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Washington Governor Jay Inslee declared a statewide drought emergency Friday.

Washington’s 30-day special session is more than half over and there is still no sign of a budget deal.

Mentally ill inmates continue to languish in Washington jails despite a recent federal judge’s ruling that the practice is unconstitutional.

Freight railroads in the Northwest appear unlikely to meet an end-of-the-year deadline to install the type of system safety regulators say could have prevented Tuesday's deadly Amtrak crash in Philadelphia.

Washington Governor Jay Inslee declared a statewide drought emergency due to low snowpack Friday.

Native American leaders gathered Thursday in Seattle to draw attention to the ongoing battle between tribes from British Columbia and around the Northwest, and the companies that want to export coal and oil to Asia.

Leaders from the Lummi, Spokane, Quinault, Yakama, Tulalip, Northern Cheyenne, Swinomish and Tsleil-Waututh First Nation of British Columbia gathered at the Ballard Locks in Seattle to call on the Army Corps of Engineers to deny permits for the Gateway Pacific Terminal, which could be built near the Canadian border.

A new project in Malheur National Wildlife Refuge intends to turn today’s invasive fish into tomorrow’s organic fertilizer.

The Refuge has entered into an agreement with Silver Sage Fisheries and Nutrient Company, a venture of Oregon-based Pacific Foods, to catch and process invasive carp.

Since introduction nearly a century ago, the common carp has overrun the Refuge in Southeast Oregon, severely degrading the once-prolific migratory bird habitat.

It’s been nearly two years since Joel Reuter fired a pistol from his condo balcony and was shot to death by Seattle police. Thursday, Governor Jay Inslee signed “Joel’s Law.”

A souped-up paddle board, custom rowing craft and high performance, carbon fiber sailboats are just some of the eye-catching entries in the inaugural Race to Alaska.

Student Lorena Guillen shows her support for the UW Board of Regents, which on Thursday voted to purge the UW's endowment fund of investments in "thermal coal," a type of coal used in power plants that's associated with higher pollution levels.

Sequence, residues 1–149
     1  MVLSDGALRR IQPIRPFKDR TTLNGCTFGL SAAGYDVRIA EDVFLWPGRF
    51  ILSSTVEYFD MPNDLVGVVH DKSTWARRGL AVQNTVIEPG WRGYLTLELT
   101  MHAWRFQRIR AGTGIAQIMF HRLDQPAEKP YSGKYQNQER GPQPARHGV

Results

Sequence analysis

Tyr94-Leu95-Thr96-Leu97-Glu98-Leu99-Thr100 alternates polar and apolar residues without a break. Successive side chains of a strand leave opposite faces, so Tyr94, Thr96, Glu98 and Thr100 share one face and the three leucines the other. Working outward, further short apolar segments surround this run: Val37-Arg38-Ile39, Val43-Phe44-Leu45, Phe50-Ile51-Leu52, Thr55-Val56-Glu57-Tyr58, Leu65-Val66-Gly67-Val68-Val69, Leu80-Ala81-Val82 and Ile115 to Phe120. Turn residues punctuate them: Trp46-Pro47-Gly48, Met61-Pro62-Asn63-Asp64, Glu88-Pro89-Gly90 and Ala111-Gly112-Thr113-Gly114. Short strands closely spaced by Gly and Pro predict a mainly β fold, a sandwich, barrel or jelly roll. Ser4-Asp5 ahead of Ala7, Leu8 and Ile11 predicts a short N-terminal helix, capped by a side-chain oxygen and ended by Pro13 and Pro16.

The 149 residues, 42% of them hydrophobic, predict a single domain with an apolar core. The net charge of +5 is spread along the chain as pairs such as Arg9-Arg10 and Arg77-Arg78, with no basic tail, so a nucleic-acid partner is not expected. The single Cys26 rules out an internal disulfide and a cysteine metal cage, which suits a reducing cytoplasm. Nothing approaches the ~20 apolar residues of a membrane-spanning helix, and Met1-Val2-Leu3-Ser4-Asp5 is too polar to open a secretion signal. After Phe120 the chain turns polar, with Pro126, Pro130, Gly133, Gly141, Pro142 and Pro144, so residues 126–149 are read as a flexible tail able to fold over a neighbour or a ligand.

KUOW Photo/Joshua McNichols

The University of Washington’s Board of Regents voted Thursday night to sell off its investments in thermal coal -- the kind of coal used to generate power.

It’s only the fourth time the university has “divested” its endowment – the other issues were South Africa, tobacco and Sudan.

Dawn Woitt-Campbell sits on the front porch of her house in Longview, Washington.

“We’re looking at a green pan that we have boiled water in twelve different times,” she said.

The pot is caked with a hard, white chalky material.

“We do one gallon of water, boil it down to nothing. Then we’d put another one in and boil it down to nothing," she said. "I did it kind of as a project.”

Washington lawmakers are taking heat for an 11 percent pay raise they didn’t ask for.

Dozens of countries, including the U.S., have agreed on how to handle child support payments when one parent is in a different country. But the state of Idaho is holding out.

By 2018, the state of Washington should have a treasure trove of data on the cost and quality of health care.

Foss Maritime tugs pull the Polar Pioneer past downtown Seattle on the way to Terminal 5 on Thursday, May 14, 2015.
KUOW Photo/Gil Aegerter

Environmental activists in kayaks paddled into the middle of Seattle's Elliott Bay  on Thursday afternoon to meet -- or, as they say, "un-welcome" -- a huge Shell oil rig.

The arrival of the Polar Pioneer could raise the stakes in the battle over Shell's oil exploration plans in the remote Arctic Ocean.  

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